This is where things get interesting. This long, long piece is based on an interview with the outspoken McSweeney and, well, that is that. The bottom line: He is highly critical of many things that would be affirmed by traditional or even middle-of-the-road Catholics in the Bible Belt. As the Observer puts it, he believes the Catholic Church often puts the "Book of Law before the Book of Love."

Who gets to respond to his views on a litany of hot-button topics?

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Lesbian bishop war: Yes, United Methodists are debating status of sexually active LGBT clergy

Lesbian bishop war: Yes, United Methodists are debating status of sexually active LGBT clergy

As your GetReligionistas have said many times, reporters do not have to agree with the doctrines and laws of groups that they cover. Journalists must, however, strive to be accurate when covering what religious people and groups believe.

Basic accuracy is a journalistic virtue, even when reporters are writing for advocacy publications that are not committed to balance, fairness and showing respect for believers on both sides of hot-button issues in public life.

So the other day I wrote about the major New York Times piece describing developments in United Methodist Church battles over LGBT rights -- specifically the election of an openly lesbian bishop who is married to her same-sex partner. The Rev. Karen Oliveto of San Francisco was elected in the church's tiny (2 percent of the global church) Western Jurisdictional Conference.

The Times piece did a good job of letting readers hear from leaders on both sides. However, the report also claimed that United Methodist law bans the ordination of all gays, when in reality it rejects the ordination of gays who, in word and deed, openly reject church teachings.

As I said in that post, this is a fine line, but a crucial one -- in doctrine. I requested a correction. United Methodists law forbids the ordination of “self-avowed, practicing” gays and lesbians as clergy. The assumption is that there are also some gays and lesbians who affirm, and follow, church teachings that sex outside of traditional Christian marriage is sin.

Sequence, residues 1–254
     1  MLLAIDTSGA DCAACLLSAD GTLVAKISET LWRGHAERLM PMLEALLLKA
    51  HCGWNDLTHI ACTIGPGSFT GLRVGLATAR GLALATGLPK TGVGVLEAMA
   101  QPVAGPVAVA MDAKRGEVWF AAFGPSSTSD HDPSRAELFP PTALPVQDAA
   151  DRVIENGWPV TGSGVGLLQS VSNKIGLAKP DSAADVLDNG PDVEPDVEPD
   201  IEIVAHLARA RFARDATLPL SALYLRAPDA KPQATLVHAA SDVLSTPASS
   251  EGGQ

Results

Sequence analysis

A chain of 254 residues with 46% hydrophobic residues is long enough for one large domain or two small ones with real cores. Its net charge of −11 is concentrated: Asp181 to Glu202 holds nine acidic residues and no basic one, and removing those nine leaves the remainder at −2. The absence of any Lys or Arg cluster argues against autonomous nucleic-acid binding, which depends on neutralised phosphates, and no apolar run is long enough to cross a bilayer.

This brings me to a follow-up report by Religion News Service -- "United Methodist groups divided after election of first LGBT bishop" -- that demonstrates what some accurate language looks like in practice, when covering this story. It's actually pretty simple, as in:

On Friday (July 15), the Rev. Karen Oliveto, senior pastor of Glide Memorial Church in San Francisco, was elected bishop by the Western Jurisdictional Conference in Scottsdale, Ariz., and consecrated the following day.
The election comes despite the denomination’s ban on the ordination of “self-avowed practicing homosexuals.”

In other words, this policy bans the ordination -- as pastors and then, obviously, bishops -- of gays and lesbians who are sexually active in the context of same-sex relationships.

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'Twas their gift to be simple (and celibate), but now the Shakers are all but gone

'Twas their gift to be simple (and celibate), but now the Shakers are all but gone

If you have studied the history of religion in America -- part of my double-major as an undergraduate and then my master's degree work in church-state studies -- then you will have run into the fascinating movement called the Shakers. Trust me, there is more to these believers than their influence on the Arts and Crafts Movement and, well, L.L. Bean.

The Shakers are in the news right now for reasons that are easy to understand, but a bit harder to explain -- if you care about the details.

The best report I've seen on this topic so far (combining elements of several other news stories) ran last week in The Washington Post with this headline: "One of the Shakers’ last three members died Monday. The storied sect is verging on extinction." It's a solid report, but does contain a very interesting and important hole. Meanwhile, here's some key material at the top of the story:

Sister Frances Carr died at the Shaker community at Sabbathday Lake in New Gloucester, Maine, “after a brief battle with cancer,” according to a statement on the community’s website. It continued, “The end came swiftly and with dignity surrounded by the community and her nieces.” Carr was 89.
Carr was a member of the United Society of Believers in Christ’s Second Appearance, a Christian group formed in 1747 in Manchester, England. They earned the name the Shakers when critics began calling them “Shaking Quakers” because of “their ecstatic and violent bodily agitation in worship.” ... The Shakers eventually abandoned this particular dancing-style worship, but the congregation adopted the term, according to the Associated Press.
The religious sect moved to the United States when Ann Lee, one of its leaders (known as Mother Ann) who was imprisoned in England for her views, fled to the New World with eight of her followers in 1774. Eventually, the group established its first American community in New Lebanon, N.Y. Slowly, it blossomed into 18 communities across the Eastern United States, including locations in Florida, Georgia, Kentucky and Massachusetts.

The last remaining Shaker community is at Sabbathday Lake, with two members.

Now, if you know anything else about the Shakers -- other than about their music (think "Simple Gifts") and furniture -- then it is probably a rather logical reason for the movement's decline: